- OK, this was a sketchy workout to pull on you. Well, SOME of you. Some of you will breeze this. However, if your legs are WRECKED from the last 2 days, like mine, I'm suggesting you skip the leg portion of this workout. IF you are doing fine - dude, CHARGE IT!
- Running the Rack: How to
- How to know if you have maxed out a set? If you can't get 10 good reps - you are done. If you are taking a long time between sets - you are done. If your form is breaking down to the point where your exercise is not effective, nor efficient - you are done. If your form breaks down the point where you may become injured - you are done.
- It is extremely important to keep transition times between your sets of 10 to a bare minimum today. Doing so will help you attain and maintain "maximum pump," which is particularly important for gaining max benefits from this specific workout.
- This workout closely mimics a bodybuilding workout. The great Larry Scott (the world's first Mr Olympia - he won it 2x) taught me, "The key to bodybuilding is attaining a good pump." I had the distinct privilege of working (and working out) with this living legend during a pivotal time in my career. He exemplified the concept of "Optimal Health." Here is a pic of him in his mid 60s. He is a very gracious and generous man. He would be thrilled to know I am passing along some of his tips on to you.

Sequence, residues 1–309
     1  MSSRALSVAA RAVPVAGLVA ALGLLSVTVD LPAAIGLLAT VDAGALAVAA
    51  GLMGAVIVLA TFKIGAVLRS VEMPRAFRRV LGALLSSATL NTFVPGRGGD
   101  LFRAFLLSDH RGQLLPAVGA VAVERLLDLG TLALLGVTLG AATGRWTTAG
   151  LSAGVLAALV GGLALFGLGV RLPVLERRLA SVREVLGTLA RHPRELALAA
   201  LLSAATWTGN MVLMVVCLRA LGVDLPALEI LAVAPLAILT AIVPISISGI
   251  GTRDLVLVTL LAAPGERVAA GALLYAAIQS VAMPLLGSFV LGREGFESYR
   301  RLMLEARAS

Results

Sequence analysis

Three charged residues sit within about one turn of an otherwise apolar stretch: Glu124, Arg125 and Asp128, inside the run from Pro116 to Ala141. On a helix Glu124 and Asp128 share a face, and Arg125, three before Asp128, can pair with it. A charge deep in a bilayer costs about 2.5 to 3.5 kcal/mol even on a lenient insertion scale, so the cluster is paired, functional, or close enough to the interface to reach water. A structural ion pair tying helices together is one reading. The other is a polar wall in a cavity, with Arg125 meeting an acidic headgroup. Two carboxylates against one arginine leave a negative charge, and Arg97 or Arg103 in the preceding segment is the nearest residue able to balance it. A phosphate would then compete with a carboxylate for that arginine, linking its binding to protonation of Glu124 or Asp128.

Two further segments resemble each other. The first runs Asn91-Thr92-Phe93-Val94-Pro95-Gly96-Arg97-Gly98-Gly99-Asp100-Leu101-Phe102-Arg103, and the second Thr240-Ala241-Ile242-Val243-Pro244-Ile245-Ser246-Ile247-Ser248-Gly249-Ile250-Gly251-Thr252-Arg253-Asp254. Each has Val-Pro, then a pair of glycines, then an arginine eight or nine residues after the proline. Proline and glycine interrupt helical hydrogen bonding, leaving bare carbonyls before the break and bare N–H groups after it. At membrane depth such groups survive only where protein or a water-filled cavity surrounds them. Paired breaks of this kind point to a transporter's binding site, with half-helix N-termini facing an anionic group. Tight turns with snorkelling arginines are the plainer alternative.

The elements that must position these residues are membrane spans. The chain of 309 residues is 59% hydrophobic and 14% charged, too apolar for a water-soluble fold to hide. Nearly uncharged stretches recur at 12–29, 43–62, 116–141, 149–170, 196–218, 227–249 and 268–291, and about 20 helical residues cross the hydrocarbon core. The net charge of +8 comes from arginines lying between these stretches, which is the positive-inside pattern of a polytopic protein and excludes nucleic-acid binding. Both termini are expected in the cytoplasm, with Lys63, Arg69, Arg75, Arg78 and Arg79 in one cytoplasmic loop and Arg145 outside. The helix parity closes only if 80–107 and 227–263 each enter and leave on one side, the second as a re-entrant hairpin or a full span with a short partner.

- We are simply not limited to any ONE concept, or methodology. We find usefulness in many proven concepts and methods. We've made it a point to become educated and experienced in many other ways, so that we may bring a more efficient and effective program to you.
About this time every year I get this question (link below). I would only add one thing to this article. It's the "Above or Below the Neck" bit.
The "Above or Below the Neck" bit is a parameter based on where you illness lies. It is generally thought that if your illness' symptoms are based above the neck (sniffles, sneezing, mild headache), then you should be OK to workout. However, if your illness' symptoms are mainly rooted in areas below the neck (lungs, stomach, etc.) you should sit it out.
Please understand that these suggestions are generalities. They are not to be confused with ACTUAL medical advice. Your MD's advice supersedes this musing.
Here are some other thoughts about working out while sick:
Should I Workout When Sick? (Musings by Neil Anderson)
Mike demos how to get your DL on after the gym runs out of 25s! Strong work (as always) Mike!